Walking around Portobello Market yesterday, a popular tourist attraction in West London, posters of residents of Grenfell Tower, who were registered missing, hung loosely on walls and railings, smiling faces that once were in family albums and adorned walls of their homes.

It is a grim reminder of the tragedy that happened more than a week ago.

As confirmation of their deaths in the blaze trickles in, heartbreaking stories of their final hours in the inferno, which has claimed 79 lives, are also emerging.

These are families who would otherwise be busy preparing for Eid celebration. They were among those who were up for sahur in the early hours of the morning when the tower block they were living in was engulfed in flames.

Looking through the list of victims and those missing, there is no doubt that more than half of those affected by the blaze are Muslims, immigrants from Somalia, Morocco, Sudan and the Middle East.

Eid for the survivors, friends and families will be a muted affair as they are grieving for their loved ones while being shunted from one temporary accommodation to another. It is a time of uncertainty; their homes together with their belongings were destroyed.

There is no question of new clothes for the most important day in the Muslim calendar, for they had to be content with clothes taken from the mountains of clothes donated in the aftermath of the tragedy.

Food on the table, too, will be out of the question, as their temporary accommodations do not have stoves or fridges.

These are trivial things, in the scheme of things, things they cannot afford to entertain while they wait for some semblance of normality.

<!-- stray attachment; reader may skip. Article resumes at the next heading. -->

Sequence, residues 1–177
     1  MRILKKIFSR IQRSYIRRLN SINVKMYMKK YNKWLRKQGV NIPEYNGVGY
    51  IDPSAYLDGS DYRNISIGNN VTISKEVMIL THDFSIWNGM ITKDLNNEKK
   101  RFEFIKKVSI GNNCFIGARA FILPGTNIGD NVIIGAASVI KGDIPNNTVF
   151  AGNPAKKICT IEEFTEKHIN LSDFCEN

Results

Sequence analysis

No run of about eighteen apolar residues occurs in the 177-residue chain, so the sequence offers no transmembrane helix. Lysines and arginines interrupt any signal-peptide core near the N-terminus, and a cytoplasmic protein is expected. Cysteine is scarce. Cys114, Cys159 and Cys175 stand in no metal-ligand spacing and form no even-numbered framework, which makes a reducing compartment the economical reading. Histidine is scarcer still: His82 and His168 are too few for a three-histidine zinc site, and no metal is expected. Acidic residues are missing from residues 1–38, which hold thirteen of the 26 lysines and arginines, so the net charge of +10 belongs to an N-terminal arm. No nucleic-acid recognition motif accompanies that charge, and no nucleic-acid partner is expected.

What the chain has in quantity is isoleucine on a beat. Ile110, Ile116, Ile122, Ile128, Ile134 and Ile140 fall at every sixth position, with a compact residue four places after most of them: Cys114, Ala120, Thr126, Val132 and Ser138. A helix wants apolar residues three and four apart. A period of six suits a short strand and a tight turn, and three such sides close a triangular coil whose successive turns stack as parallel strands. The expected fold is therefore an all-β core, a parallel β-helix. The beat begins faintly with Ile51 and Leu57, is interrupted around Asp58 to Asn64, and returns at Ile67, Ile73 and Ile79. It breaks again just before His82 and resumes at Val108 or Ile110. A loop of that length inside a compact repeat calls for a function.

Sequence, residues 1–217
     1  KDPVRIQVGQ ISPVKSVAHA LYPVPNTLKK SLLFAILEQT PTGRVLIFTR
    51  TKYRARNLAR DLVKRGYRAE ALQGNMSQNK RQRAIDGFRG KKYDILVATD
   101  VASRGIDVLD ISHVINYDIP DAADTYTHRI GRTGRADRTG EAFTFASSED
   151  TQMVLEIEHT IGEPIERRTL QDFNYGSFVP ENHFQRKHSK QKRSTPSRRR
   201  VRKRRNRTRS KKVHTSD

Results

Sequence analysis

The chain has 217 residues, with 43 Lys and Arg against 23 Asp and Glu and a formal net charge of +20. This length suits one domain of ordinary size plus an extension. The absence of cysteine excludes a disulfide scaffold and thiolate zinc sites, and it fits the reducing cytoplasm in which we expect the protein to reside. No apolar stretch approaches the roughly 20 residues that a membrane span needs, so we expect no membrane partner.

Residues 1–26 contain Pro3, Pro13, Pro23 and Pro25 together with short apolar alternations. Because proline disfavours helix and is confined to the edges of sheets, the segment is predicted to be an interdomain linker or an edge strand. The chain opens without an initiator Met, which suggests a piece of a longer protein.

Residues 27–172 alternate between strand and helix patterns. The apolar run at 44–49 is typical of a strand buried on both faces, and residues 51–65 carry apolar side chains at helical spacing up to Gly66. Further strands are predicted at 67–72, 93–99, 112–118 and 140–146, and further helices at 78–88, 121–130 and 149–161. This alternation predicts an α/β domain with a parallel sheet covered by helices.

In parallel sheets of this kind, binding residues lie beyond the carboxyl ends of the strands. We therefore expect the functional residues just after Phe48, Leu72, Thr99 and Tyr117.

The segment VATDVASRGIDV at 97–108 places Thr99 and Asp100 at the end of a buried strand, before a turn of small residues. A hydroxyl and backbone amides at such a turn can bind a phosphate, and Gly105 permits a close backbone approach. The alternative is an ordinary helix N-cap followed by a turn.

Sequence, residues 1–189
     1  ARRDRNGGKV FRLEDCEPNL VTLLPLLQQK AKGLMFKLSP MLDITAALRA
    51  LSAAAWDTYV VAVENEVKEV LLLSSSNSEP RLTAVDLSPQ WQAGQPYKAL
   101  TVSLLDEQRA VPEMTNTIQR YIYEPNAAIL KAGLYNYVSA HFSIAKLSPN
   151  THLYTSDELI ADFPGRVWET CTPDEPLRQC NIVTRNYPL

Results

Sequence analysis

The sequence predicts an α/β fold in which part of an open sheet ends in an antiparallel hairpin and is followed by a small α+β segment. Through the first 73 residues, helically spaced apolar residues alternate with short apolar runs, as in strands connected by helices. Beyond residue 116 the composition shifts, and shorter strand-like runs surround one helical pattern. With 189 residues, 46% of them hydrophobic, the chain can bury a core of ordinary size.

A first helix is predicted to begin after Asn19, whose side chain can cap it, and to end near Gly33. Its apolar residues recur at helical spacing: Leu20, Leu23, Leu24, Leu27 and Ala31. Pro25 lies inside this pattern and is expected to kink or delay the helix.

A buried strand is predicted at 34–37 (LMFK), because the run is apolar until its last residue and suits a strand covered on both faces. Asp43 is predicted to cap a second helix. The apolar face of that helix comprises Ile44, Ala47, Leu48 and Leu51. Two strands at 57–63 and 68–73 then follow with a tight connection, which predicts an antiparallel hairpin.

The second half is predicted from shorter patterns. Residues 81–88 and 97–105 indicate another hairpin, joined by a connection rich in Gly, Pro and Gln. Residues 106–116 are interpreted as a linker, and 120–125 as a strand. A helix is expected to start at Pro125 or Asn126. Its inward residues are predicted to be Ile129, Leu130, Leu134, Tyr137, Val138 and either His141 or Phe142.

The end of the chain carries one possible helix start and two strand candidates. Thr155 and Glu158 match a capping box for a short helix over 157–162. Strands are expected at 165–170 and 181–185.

Flowers for victims of the Grenfell Tower blaze.

“If only we can cater food for them on Eid and make a difference during these dark hours of pain,” sighed Hairani Muhammad of Makan Café in Portobello Market, as she packed fried noodles for survivors.

Hairani, or Ani, can’t claim to know those who died in the fire or those missing.

But friends of victims and survivors, who do frequent the shop she runs with her husband Azhar, knew where to turn to in times of need.

They have heard of Ani and Azhar’s charitable nature, feeding the homeless and helping refugees.

“If only we can invite them to have food here,” she said.

There were so many things that she wished she could do, but the truth is she had done a lot
already, swiftly responding to
the appeal for help after the tragedy struck.

From day one, Ani, with her friends and team of volunteers, had been cooking and packing food for volunteers and survivors of the fire.

“We feel what happened is so close to the neighbourhood. Some customers came in with stories about people they knew who are victims of the fire.

“The only way we can help is by giving food. We started with 20 packs of food and in the evening, there were demands for more,” said Ani, who is no stranger to cooking for the homeless in London and also refugees in the Jungle of Calais in France.

“With the help of my friends and volunteers, the food packages are collected to be sent to hotels and bed and breakfast where some of the victims are placed temporarily.”

One customer of Makan Cafe who lives near the site of the fire, Food TV producer Janice Gabriel, who is also a volunteer, knew Ani would not turn her down.

“I have known Ani and of her charity work, so I knew that she could cook decent meals for these people in times of need.

“I come here to collect the food and then deliver them to the hotels.

“These are displaced people who have lost their homes and their loved ones.

“They have been moved from hotel to hotel. What Ani has done is a start on the road of recovery for them, food cooked by someone in the community to show that the community cares,” said Janice.

Yesterday, Ani and Azhar had a surprise visit from Monica Press, Labour councillor for Kensington and Chelsea who went to Makan Café to thank them for the work that they were doing.

As part of the community that they are living in, Ani and Azhar feel that it is their duty to chip in at this hour of need.

They have made a difference to the lives of the people who will hopefully regain their strength to go on.

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Hairani Muhammad, or Ani, packing food for survivors of the Grenfell Tower fire at Makan Café in London.

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